Only a few days to go: We’re raising £25,000 to keep TheyWorkForYou running and make sure people across the UK can hold their elected representatives to account.Donate to our crowdfunder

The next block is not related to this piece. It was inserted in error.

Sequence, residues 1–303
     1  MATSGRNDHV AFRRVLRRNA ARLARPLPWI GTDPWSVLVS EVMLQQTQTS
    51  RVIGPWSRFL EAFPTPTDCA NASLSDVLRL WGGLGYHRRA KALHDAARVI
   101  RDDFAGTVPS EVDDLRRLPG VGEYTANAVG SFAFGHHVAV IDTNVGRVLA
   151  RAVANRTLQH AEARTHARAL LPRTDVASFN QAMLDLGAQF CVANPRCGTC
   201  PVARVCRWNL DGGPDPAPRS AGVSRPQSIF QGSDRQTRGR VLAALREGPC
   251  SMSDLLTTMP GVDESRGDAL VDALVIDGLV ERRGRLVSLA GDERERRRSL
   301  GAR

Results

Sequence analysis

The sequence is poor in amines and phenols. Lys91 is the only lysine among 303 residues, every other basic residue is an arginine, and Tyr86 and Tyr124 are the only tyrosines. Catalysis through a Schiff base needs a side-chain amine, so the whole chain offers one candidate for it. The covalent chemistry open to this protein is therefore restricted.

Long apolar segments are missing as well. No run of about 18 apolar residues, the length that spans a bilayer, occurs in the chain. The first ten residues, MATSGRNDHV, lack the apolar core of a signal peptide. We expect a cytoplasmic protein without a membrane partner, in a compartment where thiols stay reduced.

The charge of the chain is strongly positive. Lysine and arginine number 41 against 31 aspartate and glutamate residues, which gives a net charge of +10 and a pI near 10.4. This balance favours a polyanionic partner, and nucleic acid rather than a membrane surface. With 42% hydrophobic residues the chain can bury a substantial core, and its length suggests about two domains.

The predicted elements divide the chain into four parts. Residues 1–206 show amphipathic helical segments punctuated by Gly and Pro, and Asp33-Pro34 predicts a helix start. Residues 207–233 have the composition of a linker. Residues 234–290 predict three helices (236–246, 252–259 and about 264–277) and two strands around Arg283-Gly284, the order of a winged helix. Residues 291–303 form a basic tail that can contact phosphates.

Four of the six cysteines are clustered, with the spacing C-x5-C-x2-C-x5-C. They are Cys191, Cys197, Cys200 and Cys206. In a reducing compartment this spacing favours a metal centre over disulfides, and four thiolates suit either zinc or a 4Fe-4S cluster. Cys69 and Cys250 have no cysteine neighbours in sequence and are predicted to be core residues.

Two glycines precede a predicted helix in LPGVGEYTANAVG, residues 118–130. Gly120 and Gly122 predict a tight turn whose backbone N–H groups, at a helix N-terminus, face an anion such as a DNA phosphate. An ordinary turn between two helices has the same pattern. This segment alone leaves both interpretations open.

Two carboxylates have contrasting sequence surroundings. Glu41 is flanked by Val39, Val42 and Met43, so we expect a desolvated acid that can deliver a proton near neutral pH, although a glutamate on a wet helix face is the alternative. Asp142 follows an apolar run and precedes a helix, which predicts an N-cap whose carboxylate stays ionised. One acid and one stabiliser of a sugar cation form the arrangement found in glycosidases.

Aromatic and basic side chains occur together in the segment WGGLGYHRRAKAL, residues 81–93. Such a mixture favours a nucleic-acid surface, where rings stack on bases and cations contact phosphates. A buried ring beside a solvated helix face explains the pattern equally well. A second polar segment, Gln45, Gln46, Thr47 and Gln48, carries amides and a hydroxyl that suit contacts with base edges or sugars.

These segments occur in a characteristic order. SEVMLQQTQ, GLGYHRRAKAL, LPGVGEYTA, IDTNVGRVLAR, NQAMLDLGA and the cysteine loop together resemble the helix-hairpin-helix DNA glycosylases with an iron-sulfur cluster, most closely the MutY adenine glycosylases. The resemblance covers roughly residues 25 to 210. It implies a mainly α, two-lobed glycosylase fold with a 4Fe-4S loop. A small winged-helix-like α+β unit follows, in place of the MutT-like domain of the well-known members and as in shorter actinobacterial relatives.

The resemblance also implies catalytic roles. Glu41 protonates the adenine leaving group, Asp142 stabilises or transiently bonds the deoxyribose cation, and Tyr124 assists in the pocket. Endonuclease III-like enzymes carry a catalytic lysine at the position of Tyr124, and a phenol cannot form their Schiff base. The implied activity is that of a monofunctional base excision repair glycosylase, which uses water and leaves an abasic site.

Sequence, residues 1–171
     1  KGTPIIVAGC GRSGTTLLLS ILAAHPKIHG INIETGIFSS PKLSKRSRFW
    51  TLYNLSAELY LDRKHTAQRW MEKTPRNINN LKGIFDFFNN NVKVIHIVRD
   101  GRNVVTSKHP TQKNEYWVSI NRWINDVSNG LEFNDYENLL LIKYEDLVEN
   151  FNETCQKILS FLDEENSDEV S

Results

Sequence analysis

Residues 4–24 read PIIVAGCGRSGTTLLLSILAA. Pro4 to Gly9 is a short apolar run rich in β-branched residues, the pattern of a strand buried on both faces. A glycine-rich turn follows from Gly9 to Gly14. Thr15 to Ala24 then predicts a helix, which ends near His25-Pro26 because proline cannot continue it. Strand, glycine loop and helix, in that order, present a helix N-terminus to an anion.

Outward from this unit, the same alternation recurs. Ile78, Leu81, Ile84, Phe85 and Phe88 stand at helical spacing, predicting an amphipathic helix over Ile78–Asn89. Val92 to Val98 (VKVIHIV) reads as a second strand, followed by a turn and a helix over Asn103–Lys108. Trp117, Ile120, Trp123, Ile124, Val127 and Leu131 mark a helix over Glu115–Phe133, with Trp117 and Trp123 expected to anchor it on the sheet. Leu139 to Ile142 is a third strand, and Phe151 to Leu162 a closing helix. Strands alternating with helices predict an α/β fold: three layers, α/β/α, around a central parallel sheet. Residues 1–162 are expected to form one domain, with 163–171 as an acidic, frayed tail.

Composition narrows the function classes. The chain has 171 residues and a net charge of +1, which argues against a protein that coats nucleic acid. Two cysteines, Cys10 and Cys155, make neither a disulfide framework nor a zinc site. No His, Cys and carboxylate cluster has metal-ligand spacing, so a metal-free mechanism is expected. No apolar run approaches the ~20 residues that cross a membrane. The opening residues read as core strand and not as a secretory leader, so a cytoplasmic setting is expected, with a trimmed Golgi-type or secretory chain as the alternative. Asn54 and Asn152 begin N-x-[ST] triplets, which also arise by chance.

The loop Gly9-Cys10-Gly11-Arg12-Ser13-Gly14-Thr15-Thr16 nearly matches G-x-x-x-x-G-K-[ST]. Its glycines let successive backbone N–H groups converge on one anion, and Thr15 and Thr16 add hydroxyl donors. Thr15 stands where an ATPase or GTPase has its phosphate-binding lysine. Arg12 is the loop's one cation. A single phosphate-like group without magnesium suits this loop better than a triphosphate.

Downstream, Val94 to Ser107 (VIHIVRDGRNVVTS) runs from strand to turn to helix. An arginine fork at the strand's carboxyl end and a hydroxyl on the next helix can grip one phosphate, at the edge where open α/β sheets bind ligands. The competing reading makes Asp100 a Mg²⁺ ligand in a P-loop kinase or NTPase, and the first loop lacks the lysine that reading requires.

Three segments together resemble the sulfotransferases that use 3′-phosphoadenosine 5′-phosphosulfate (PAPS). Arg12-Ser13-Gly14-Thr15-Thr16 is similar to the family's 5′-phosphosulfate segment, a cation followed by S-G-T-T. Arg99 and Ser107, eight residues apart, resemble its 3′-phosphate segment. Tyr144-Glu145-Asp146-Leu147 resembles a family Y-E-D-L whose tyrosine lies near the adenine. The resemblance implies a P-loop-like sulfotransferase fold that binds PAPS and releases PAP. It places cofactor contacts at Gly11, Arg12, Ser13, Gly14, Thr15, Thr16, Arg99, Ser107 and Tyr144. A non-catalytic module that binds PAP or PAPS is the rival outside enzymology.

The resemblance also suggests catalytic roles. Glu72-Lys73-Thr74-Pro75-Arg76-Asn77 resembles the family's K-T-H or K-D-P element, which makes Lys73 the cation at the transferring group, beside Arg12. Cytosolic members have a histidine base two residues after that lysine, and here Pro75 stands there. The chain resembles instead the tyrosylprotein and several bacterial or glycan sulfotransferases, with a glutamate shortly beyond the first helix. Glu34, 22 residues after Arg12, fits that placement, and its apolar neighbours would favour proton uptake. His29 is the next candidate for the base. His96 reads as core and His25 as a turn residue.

Andrew Copson: Our view is that there will always be, to some extent, a mixture of provision in that way. There will be some clear needs, especially locally and in particular communities, to provide services by a certain group for a certain group. That is the way that a public authority could satisfy their obligations, but equally it might be the case for services that are delivered or co-ordinated on a national level that they are provided in the other way. However, I do not think that the Bill tends in one direction or the other. Our concern is far more likely to be that if organisations such as religious ones are providing a public function, they are held to the same non-discrimination rules as secular or state agencies and organisations that are performing public functions. That is something that the Bill does not fully do at the moment, because it allows religious organisations to discriminate in employment and in the provision of services, even when they are providing a public service under contract. We would say that they should not be allowed to. We make no judgment about whether it is right or wrong to allow religious organisations to contract to provide public services, but we say that if they do so, they should be subject to the same requirements as everyone else.